The 1990 Americans with Disabilities Act (ADA) ushered in historic changes for the United States in terms of opening access and opportunities to people with disabilities. But even as we near the landmark law’s 25th anniversary on July 26, 2015, it must be remembered that the nation is still far from fulfilling the law’s intent to ensure equal access to all.
“One of our tenets in Paralyzed Veterans of America’s Architecture Department is ‘equality,’ and the ADA doesn’t necessarily provide equality,” said Mark Lichter, senior associate director of architecture for Paralyzed Veterans of America. “The legislation is worded to provide equality, but it really only outlines minimal standards for accessibility. That’s where we come in by being advocates for people with disabilities.”
Paralyzed Veterans of America has been on the forefront of accessibility since its inception in 1946, when its founders – a band of World War II veterans with spinal cord injury – collaborated with the New York Chapter of the American Institute of Architects on accessible housing for paralyzed veterans. In 1986, Paralyzed Veterans stood up its “Barrier-Free Design Program” to provide oversight of the design and construction of VA medical centers.
In the mid-1990s, Paralyzed Veterans of America brought a successful lawsuit against the owners of the MCI sports arena (now the Verizon Center) in Washington, D.C., after they failed to comply with an ADA requirement to design spaces from which wheelchair users could see over standing spectators.
“Since then, we have worked extensively with owners and architects on complex projects such as sporting venues and memorials,” Lichter said. Some examples include consulting on accessible design for the Washington Nationals stadium, which opened in 2008, as well as the new Minnesota Vikings stadium, projected to open in 2016.
Still, while much progress has been made in the 25 years since the ADA’s enactment, the nation is far from achieving architectural design that is fully inclusive and equal for all, Lichter said. With accessibility still not ingrained in the curriculum or culture of current architects and engineers, accessible design is often an afterthought, he said.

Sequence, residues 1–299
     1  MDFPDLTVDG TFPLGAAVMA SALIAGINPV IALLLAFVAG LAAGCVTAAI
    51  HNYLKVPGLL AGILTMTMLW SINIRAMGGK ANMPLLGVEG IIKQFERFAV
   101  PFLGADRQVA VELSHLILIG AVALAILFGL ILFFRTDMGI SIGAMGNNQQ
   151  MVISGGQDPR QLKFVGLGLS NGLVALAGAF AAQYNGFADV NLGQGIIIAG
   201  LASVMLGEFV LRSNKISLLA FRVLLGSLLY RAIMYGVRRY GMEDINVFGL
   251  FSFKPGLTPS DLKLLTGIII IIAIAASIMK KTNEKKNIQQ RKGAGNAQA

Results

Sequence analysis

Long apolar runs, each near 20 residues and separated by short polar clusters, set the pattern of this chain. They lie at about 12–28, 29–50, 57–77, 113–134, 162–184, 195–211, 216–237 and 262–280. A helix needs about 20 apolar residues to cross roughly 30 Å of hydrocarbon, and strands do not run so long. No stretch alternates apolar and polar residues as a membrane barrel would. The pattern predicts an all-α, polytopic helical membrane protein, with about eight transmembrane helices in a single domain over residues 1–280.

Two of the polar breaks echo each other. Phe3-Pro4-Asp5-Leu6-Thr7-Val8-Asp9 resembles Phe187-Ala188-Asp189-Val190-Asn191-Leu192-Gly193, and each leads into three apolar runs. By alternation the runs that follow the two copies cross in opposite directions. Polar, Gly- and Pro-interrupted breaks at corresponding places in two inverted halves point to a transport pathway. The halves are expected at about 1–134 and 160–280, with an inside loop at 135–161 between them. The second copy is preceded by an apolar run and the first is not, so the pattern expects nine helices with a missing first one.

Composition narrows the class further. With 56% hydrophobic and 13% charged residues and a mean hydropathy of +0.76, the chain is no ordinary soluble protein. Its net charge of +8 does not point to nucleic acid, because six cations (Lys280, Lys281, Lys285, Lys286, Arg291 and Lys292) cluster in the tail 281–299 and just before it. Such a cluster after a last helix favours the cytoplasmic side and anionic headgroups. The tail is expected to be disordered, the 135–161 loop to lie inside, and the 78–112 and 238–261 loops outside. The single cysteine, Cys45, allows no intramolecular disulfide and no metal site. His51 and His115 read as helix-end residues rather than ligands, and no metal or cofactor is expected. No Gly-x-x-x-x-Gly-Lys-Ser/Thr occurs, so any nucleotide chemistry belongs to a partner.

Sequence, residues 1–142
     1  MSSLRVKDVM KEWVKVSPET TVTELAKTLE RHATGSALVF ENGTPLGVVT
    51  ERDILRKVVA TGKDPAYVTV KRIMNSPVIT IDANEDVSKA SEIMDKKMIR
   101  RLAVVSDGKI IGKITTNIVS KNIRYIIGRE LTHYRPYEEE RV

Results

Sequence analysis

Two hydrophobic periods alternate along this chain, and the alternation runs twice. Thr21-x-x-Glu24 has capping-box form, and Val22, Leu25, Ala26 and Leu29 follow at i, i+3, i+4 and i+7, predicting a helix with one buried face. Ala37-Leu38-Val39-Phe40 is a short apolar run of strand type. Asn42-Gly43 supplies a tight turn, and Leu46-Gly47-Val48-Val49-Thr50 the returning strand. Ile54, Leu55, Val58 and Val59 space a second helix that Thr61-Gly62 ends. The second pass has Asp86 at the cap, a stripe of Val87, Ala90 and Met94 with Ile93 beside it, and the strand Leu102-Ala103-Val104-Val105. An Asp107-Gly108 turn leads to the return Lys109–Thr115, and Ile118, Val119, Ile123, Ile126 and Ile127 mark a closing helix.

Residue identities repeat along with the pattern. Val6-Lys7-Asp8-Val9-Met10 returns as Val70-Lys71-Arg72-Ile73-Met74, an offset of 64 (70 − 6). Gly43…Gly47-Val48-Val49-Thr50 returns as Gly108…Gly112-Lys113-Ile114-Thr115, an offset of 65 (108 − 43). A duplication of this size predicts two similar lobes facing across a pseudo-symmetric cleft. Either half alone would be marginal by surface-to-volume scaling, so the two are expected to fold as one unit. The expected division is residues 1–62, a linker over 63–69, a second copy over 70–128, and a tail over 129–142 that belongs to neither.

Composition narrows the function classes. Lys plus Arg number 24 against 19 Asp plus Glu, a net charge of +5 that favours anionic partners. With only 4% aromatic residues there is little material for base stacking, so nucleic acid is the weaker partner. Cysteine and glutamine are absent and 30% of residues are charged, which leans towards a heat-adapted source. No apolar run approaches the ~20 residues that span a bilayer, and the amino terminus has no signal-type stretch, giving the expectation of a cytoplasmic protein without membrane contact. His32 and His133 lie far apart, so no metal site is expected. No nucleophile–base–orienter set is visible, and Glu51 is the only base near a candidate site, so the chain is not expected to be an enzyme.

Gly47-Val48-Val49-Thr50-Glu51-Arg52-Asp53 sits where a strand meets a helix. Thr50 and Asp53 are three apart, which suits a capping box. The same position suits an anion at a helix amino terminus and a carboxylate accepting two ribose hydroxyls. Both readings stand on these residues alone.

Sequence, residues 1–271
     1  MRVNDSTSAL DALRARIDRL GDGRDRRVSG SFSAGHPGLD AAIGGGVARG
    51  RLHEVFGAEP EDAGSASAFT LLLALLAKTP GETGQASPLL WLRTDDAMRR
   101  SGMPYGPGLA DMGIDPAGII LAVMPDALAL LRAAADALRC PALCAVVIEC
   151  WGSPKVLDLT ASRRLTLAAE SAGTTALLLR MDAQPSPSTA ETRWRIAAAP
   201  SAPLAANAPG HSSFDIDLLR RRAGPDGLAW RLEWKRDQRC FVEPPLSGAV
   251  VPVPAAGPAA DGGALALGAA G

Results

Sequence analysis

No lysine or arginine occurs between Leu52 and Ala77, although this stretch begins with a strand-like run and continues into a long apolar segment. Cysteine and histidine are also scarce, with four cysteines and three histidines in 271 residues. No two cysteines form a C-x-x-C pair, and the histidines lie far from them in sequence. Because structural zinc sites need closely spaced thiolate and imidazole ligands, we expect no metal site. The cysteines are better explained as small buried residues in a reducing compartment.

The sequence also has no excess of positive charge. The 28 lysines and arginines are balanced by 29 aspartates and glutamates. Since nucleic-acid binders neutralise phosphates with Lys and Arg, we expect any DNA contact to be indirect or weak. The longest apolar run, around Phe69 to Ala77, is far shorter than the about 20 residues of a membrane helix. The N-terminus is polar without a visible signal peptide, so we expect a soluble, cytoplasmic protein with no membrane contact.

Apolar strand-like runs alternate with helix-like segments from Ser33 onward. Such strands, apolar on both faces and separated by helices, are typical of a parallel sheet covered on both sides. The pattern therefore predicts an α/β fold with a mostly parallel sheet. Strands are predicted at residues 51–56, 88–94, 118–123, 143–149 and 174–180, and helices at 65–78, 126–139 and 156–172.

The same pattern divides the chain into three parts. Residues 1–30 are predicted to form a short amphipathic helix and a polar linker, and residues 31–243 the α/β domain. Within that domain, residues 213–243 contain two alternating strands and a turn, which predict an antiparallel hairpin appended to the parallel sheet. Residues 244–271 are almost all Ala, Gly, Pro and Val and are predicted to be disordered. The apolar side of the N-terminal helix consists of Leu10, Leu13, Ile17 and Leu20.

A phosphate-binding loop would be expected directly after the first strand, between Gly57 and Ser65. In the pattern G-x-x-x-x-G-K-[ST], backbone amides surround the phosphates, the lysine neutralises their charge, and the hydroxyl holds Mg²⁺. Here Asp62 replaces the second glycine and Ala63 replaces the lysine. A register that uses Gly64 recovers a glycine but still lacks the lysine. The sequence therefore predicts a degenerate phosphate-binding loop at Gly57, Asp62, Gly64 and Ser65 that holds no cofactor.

“Every architect and engineer is trained on how to meet safety issues and code requirements,” he said. “Then somewhere far into the design they begin to think about meeting the ADA. There’s just not the education and cultural awareness of people with disabilities.”
That is why Paralyzed Veterans of America has worked to host seminars for architects, designers, and owners on the ADA requirements and how they can go beyond the requirements of the law at little or no cost. Paralyzed Veterans architects also teach and provide presentations about accessible design at colleges and universities.
“Often times the ADA provides access but doesn’t always provide equality,” Lichter said. “When a person with disabilities has to take a different route to get into a building, that’s not ensuring equal access. We would like to see the ADA’s next step be a requirement for more inclusive design that ensures everybody has equal access.”
In addition, as green or sustainable construction has become second nature to most architects, Paralyzed Veterans of America would like to see accessibility integrated into the design process on much the same level, Lichter said.
“Green buildings are the biggest thing in architecture right now, and we’d like to see the same level of attention and accountability made for accessibility,” he said.
Still, a future in which the nation fully achieves equal access hinges heavily on the willingness of all Americans to see their world through the eyes of a person with disabilities. Often that sensitivity is built through education as well as personal experiences with people with disabilities, Lichter said.
“What it comes down to is seeing the ADA as not something you have to comply with, but as a means of treating people with disabilities with dignity and equality,” Lichter said. “Once that mindset in society changes, then we will make big strides, but we’re not there yet. Good accessible design does not cost more, and it always leads to better design.”
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